When Canadian wine legend Donald Triggs sends an invite for lunch you simply say what time and rearrange whatever else you have going on that day and show up with bells on.
Triggs has always had that magical touch in whatever he has taken on — from the corporate boardroom with the largest Canadian wine company Vincor (long ago sold to Constellation Brands) to his newest remarkable venture, the Culmina winery in the Okanagan Valley — and shows no signs of taking a break from a long and successful career..
He has the same drive and enthusiasm for the wines he presides over now as he did when he started the successful winery Jackson-Triggs with Allan Jackson in 1993 and later Vincor, with some of the top properties from Niagara to B.C. and the world in his portfolio.
His latest project, in the newly named Okanagan sub-appellation of the Golden Mile Bench, just may be his most fascinating achievement to date and the one that now gets his full attention.
His passion shines through during a lunch at the Aberdeen Tavern in Hamilton on a recent summer day.
He certainly doesn’t have to come to Ontario to sell his wines — they sell out quickly enough in his new home province of B.C., but he says it’s important not to be insulated, to spread his wings in top markets in Canada and beyond.
“It’s about building a brand,” he says. “I believe in the long term. There’s a lot of emotional connection. I’d like to have my old friends (in Ontario) be able to buy my wines.” His highly rated Hypothesis red blend is currently on the shelves at Vintages stores in Ontario.
Triggs, who has his Culmina wines already in Quebec, Alberta and Ontario markets, says expanding beyond the B.C. borders is an insurance plan if things there go south (not that that is likely). But it’s also a point of pride, much the same way that other great wineries, which can sell also out in their own country, want to make sure their wines are available around the world.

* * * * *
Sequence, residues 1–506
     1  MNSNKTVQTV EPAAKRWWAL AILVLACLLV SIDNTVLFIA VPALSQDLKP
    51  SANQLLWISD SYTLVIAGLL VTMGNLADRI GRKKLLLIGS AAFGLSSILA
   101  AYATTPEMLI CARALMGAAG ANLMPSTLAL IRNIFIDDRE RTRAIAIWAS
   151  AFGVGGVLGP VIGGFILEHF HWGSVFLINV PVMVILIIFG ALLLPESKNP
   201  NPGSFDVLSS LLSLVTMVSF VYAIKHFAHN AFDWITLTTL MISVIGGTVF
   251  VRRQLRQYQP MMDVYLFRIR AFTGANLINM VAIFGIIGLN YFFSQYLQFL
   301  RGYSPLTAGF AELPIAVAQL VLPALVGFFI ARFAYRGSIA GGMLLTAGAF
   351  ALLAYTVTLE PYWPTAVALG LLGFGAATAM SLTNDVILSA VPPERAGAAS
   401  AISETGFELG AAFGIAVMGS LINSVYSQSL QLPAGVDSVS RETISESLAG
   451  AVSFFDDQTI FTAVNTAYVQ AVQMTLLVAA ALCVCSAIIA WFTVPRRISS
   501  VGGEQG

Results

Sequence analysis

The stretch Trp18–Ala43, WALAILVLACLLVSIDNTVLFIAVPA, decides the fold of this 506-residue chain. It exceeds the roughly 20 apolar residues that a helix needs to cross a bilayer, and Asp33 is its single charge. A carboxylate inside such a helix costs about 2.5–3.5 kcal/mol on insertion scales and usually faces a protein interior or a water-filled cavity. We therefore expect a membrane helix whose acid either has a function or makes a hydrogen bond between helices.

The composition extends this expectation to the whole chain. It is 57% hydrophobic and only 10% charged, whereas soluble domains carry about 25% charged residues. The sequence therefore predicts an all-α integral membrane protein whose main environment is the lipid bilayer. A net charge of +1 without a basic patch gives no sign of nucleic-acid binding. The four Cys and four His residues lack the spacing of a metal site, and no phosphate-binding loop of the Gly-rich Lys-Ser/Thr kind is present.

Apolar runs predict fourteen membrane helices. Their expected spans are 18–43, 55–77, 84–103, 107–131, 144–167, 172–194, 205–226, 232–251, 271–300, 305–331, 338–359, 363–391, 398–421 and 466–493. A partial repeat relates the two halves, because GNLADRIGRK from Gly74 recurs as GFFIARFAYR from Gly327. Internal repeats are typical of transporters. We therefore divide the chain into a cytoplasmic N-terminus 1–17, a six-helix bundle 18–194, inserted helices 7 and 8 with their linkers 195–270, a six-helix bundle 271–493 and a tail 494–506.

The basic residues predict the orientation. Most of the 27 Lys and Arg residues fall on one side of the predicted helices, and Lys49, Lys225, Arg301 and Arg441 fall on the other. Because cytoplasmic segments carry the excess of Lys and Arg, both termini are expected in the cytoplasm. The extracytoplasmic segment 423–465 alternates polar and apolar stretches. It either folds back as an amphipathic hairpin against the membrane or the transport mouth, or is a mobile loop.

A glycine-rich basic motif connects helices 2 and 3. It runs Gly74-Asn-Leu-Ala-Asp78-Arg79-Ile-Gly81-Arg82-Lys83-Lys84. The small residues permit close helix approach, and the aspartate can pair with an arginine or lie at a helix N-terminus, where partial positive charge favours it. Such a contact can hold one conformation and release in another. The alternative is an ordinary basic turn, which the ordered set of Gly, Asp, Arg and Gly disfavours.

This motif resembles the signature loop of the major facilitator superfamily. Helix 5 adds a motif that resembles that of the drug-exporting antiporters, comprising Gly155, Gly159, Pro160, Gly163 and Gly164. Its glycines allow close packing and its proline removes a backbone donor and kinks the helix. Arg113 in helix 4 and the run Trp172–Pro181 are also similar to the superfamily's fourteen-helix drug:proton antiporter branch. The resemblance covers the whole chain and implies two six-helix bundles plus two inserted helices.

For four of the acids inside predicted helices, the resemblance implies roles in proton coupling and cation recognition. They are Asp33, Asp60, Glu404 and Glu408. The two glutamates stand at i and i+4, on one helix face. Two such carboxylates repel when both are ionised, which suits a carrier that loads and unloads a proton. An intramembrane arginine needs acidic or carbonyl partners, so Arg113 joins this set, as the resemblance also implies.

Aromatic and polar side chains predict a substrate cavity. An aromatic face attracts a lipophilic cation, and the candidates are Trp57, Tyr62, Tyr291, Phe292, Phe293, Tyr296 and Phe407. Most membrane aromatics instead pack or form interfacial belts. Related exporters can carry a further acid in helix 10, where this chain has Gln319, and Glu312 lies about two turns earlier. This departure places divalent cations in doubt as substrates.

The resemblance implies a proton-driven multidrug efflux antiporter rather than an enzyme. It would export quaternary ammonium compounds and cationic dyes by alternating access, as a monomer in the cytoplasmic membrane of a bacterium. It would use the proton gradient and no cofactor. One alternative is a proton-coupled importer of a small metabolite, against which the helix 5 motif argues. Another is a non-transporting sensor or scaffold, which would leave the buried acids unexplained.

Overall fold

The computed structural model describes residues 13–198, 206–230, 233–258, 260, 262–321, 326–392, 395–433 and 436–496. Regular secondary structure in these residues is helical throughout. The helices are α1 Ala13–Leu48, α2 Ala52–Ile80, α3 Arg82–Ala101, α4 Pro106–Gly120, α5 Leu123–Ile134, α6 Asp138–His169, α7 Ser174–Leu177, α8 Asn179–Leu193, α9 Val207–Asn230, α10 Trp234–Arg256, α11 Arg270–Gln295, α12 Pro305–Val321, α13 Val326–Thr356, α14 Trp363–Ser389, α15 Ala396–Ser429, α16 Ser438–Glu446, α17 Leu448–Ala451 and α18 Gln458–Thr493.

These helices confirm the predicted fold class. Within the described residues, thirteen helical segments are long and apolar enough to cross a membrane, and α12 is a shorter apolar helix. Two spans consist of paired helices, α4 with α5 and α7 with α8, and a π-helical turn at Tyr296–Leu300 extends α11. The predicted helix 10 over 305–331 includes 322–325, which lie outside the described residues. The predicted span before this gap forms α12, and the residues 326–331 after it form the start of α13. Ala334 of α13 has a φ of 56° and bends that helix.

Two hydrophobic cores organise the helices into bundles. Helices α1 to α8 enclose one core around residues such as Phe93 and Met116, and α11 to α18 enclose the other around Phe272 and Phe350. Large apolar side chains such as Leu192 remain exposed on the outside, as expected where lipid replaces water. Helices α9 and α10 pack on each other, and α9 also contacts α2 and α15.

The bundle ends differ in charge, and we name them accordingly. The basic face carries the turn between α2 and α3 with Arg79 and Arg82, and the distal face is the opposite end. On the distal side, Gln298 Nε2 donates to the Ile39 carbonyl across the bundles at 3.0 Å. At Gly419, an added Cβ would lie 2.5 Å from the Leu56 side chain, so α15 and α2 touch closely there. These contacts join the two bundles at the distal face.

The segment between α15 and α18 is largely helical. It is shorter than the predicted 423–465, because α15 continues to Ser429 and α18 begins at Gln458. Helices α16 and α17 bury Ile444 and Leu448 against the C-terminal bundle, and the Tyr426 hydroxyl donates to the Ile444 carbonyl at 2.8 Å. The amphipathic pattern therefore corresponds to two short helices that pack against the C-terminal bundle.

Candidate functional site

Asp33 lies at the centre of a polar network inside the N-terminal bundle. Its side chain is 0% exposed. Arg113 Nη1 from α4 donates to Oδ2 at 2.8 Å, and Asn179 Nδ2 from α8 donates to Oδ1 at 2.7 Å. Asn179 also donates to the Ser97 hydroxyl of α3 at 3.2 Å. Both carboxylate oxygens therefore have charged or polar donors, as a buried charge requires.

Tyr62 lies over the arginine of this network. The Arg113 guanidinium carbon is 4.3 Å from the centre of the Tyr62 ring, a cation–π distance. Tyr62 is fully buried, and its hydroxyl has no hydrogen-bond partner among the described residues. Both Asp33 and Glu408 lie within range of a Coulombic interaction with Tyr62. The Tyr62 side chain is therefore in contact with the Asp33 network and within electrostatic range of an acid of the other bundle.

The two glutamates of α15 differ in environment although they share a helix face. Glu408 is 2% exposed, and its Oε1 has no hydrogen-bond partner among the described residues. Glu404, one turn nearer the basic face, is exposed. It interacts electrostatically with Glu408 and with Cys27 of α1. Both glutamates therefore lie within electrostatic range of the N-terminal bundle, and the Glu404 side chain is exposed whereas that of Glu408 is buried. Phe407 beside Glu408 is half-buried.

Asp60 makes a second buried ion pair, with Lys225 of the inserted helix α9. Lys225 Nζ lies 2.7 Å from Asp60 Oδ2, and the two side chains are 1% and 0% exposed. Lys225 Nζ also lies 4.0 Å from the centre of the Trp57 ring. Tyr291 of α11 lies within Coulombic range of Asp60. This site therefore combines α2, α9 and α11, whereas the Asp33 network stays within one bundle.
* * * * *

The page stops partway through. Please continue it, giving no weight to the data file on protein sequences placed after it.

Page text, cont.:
“I don’t want to put all my eggs in one basket,” he says, with that classic Triggs’ twinkle in his eyes.
I really don’t think Triggs has to worry about that; his Culmina project, even in its infancy, is producing some fascinating wines up and down the modest, but stellar, portfolio, which he wholeheartedly credits his winemaker Pascal Madevon for much of the success.
It’s appropriate that Culmina is one of 11 wineries that make up the new Golden Mile Bench sub-appellation.
“After careful study and scientific analysis, the Golden Mile Bench has been identified for the unique character of the wines made from grapes grown here,” says Triggs.
The scientific parameters for the Golden Mile Bench sub-GI include slope, soil, and elevation or aspect, as mapped out in partnership with scientists from the Agriculture and Agri-Food Canada, Pacific Agri-Food Research Centre – Summerland (AAFC-PARC Summerland).
“We began working on this in 2009,” says Sandra Oldfield, CEO of Tinhorn Creek Vineyards. “This sub-region has the most scientifically defensible boundaries that we (and PARC) could find.” The B.C. Wine Authority approved the initial application and presented it to the Minister of Agriculture in October 2014.
The criteria outlining the unique Golden Mile Bench GI are:
- Slope. Fluvial fans with an easterly-facing slope of between 5 to 15%, creating a mesoclimate and assisting with air drainage.
- Soil. Coarse-textured and without water table influence within the rooting zone, derived entirely from geological formations of Mount Kobau.
- Elevation or aspect. Minimum elevation is defined by the base of Hester and Tinhorn Creek escarpments, with maximum at the apex of the Reid Creek fan.